Monthly Archives: August 2013

Selfish Magic?

Magic can be somewhat selfish. I admit it. Even when you do pro-bono work there is an element of personal gain/selfishness. You do an effect and someone smiled or laughed – “I made them do that, go me!”

Today, we said goodbye to a student, a friend, and a classmate. She is going back to London with her family. The girls were in tears. Red, puffy eyes with snotty noses and I had to teach those faces geography??? Not gonna happen I’m afraid! So what did I do to cheer them up: Magic (Whoever said “You read a poem to them Greg” really needs a “warm klap” (loosely translated from Afrikaans as “a huge hiding”). And low and behold, the tears magically disappeared and out came the smiling faces and giggling girls that I know. Yes I felt good, yes maybe there was an element of selfishness but I believe that when something else, for example in this case making sad girls happy, is more important and overrides any personal gain from an effect(s), then it is perfectly okay to feel a little good about yourself.

If I were you, I would smile. I wouldn't want to answer to THAT face!

If I were you, I would smile. I wouldn’t want to answer to THAT face!

Doing magic has to make the performer feel good, no, fantastic. Otherwise what’s the point in performing? But if that is the ONLY reason you perform or if that is the ONLY outcome from your performances, then I might say that you need to rethink why you do magic. However if the goal is to share your passion with others and help them benefit from your skill, because ultimately you are doing the magic and give the illusion that the spectator is doing it, then you are doing a good thing in my books. Then you can take that personal gain and say “I deserve it because I’m sharing my happiness with others.”

Those girls for those twenty minutes were not thinking about a best friend leaving them, and that means I succeeded.

When you perform for others, do not underestimate how important your magic is because you NEVER know what baggage your spectators are carrying, all you know is that however long you perform for – you are giving them an ‘out’, an opportunity to leave their personal issues at the door.



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I am Greg, and I am a left-handed magician!

Sometimes challenges hit us so hard the wind shoots right out of us, and sometimes challenges are like tripwires – you don’t see them coming but all of a sudden your face is making out with the floor.

In magic, I believe living in South Africa is a challenge. The magic community here in Cape Town is so small, yet so familial and warm. Unfortunately Cape Town is not big enough for every magician to make a living, but that’s okay because some magicians are hobbyists. I would love to take my magic further than a hobby. I have been told a number of times, scratch that, I have been begged by people and bombarded with the question of “Why aren’t you doing this professionally?” Fellow magicians and laymen have said that to me. But in Cape Town I fear that it would be detrimental to me now, without any back-up in the bank or without some experience in the working world to take that leap. I want to live comfortably and I think I deserve that. We all do. But it is much harder for someone in the entertainment business to do that living in such a small city as Cape Town when there are already big names out there.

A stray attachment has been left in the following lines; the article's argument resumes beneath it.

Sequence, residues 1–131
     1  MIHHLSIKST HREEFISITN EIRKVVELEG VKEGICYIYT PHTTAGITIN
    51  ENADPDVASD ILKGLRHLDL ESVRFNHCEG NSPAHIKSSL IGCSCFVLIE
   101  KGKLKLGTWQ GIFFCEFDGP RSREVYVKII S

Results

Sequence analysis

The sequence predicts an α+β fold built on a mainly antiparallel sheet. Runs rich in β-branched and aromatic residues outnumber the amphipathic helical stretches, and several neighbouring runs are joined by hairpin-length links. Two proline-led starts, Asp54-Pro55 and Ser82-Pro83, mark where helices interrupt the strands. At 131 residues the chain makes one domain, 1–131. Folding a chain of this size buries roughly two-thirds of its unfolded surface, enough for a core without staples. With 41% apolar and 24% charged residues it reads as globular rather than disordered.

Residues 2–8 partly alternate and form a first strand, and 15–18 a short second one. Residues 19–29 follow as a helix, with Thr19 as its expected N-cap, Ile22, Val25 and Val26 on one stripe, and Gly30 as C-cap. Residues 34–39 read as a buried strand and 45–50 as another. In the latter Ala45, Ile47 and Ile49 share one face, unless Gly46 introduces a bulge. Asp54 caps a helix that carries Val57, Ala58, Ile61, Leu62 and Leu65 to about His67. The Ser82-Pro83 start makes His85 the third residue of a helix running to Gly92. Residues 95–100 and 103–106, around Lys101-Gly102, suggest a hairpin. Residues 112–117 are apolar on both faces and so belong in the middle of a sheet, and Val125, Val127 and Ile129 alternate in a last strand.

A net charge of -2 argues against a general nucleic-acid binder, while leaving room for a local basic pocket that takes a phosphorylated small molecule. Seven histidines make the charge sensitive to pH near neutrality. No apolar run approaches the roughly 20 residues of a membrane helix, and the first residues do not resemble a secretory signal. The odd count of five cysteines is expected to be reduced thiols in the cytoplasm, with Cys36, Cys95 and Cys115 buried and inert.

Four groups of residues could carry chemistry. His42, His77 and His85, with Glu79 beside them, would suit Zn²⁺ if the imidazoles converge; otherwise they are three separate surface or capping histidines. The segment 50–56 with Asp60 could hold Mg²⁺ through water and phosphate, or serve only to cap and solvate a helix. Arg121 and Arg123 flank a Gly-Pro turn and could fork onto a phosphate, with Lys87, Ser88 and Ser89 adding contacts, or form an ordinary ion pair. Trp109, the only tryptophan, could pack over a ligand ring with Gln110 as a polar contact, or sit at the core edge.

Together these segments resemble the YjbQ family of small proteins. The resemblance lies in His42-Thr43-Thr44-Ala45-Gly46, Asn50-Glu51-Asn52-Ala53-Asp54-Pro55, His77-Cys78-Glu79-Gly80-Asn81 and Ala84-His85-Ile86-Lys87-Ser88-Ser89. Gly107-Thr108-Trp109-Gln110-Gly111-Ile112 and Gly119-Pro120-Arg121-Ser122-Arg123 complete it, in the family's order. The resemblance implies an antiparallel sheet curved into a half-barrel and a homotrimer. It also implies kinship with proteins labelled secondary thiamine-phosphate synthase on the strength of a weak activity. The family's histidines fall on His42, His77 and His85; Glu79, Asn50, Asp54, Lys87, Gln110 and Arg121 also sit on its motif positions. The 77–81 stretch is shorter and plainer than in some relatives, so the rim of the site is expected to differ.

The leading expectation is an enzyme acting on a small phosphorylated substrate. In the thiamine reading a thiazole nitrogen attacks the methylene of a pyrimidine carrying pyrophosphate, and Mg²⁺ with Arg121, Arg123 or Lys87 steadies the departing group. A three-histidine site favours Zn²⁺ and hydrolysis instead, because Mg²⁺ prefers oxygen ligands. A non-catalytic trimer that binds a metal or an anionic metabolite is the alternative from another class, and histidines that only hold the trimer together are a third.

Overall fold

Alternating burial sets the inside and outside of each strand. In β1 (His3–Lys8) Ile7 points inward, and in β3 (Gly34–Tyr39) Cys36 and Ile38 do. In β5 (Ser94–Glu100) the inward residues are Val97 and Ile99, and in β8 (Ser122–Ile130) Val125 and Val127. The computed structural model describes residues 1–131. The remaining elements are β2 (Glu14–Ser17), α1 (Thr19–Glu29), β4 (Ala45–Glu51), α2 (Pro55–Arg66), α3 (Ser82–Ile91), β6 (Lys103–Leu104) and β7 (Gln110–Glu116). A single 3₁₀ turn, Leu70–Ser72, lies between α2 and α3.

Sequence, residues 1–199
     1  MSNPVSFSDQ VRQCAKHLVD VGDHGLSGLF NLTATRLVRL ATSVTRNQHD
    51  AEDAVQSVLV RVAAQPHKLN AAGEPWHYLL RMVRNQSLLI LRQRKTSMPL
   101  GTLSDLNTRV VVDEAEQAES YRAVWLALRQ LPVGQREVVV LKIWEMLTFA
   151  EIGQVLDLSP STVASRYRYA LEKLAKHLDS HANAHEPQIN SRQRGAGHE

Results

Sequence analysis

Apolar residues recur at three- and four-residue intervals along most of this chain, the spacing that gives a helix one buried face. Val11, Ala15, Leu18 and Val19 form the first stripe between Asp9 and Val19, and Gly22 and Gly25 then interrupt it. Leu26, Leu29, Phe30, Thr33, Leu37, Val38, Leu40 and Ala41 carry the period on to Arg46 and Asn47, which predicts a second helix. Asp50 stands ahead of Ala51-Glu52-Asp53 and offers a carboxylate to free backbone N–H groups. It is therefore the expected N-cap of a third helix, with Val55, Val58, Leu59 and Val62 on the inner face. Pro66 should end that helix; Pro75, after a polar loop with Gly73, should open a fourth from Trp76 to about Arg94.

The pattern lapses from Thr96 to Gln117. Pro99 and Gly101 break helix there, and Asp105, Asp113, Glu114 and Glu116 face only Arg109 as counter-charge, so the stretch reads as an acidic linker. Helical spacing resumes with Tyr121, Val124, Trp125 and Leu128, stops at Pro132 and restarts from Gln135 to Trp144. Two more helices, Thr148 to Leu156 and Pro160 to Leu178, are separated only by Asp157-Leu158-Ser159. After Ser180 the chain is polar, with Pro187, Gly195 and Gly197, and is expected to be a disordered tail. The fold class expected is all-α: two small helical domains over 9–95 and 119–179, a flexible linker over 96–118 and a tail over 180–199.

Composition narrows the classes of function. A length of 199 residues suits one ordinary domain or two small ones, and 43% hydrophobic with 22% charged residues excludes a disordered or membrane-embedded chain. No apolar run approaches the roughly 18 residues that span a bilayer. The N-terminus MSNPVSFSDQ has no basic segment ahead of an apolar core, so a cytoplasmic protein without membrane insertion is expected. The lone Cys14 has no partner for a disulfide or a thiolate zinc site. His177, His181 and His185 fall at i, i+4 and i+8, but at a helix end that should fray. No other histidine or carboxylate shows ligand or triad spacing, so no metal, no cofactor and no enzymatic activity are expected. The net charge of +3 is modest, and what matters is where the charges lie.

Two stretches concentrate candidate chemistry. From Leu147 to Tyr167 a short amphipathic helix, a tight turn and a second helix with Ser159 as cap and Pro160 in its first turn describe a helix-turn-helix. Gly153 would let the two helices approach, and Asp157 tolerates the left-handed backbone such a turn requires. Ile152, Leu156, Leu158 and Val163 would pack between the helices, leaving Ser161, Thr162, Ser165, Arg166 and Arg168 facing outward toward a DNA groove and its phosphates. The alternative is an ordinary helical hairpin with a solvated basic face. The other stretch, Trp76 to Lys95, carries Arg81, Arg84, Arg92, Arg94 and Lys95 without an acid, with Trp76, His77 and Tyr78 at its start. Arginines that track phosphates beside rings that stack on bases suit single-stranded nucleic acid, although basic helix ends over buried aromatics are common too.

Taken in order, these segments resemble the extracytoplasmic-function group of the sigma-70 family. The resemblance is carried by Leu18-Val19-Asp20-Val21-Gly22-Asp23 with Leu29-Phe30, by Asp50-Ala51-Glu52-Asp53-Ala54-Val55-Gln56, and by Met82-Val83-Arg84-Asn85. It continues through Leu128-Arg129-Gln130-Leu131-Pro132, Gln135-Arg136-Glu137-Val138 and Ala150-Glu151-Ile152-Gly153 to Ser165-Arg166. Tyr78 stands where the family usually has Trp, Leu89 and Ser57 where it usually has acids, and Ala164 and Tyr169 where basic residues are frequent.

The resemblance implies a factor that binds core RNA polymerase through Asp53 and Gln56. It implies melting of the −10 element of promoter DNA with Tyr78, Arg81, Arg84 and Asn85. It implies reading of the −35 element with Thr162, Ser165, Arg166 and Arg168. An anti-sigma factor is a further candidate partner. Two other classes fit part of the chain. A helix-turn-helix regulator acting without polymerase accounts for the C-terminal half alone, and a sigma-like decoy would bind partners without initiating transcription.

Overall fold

Believe it or not guys, this was not meant to be the topic of my post. The above highlights one challenge in my life. However the next one is being left-handed. In magic, most magicians are right-handed. This means when I read or watch magic I have to change all the movements and finger positions. That sounds silly: “Oh Greg, you just have to mirror it, silly Banana-head!” Oh really? You try performing a “Sybil” cut or “Reset” which are complicated in and of itself, but to now mirror the moves? Left-handed magicians should be awarded.

I am left-handed, as you can tell. I have become so accustomed to watching righties doing amazing pressure fans because their right hand is more toned than their left. I’ve seen righties do card forces because the card pips are positioned in a way that when a righty holds the pack of cards, specs see the pips (It sounds confusing but it is true). And I can’t do those. So sometimes being left-handed sucks.

However, there are a few moments when the sun shines down and out pops little magical angels. I’m talking about two in particular. Bill Malone and Eric Jones. These legends are left-handed. Yes, professional, celebrity magicians can also be left-handed! It is phenomenal to watch their dvds and you hear them say: “Now I am left-handed (Greg does victory dance) so you are going to have to mirror the moves I am doing.” Yes, suck on that righties! In your face!

Bill Malone

Bill Malone is one of my favourite magicians to watch. He is so funny and so charismatic, I really relate to him. I am new to the magic of Eric Jones and he too is simply so amazing and elegant. His coin magic is on the same level as David Roth who is probably the best coin magician to date in my opinion. Eric Jones is also coming to Cape Town in October…. I know what you are all thinking… “But Greg, exams are in October…” Yes I know and as my luck would have it, the conference with Jones falls smack-bam in the middle of my exams. But I have devised a plan so I can still go on the Sunday (It also is on Saturday but with shabbos and all I will have my bud Graeme taking notes and video for me). So in between studying and being a teacher and husband I am familiarising myself with Eric’s work to the best of my abilities. I am so excited!

Eric Jones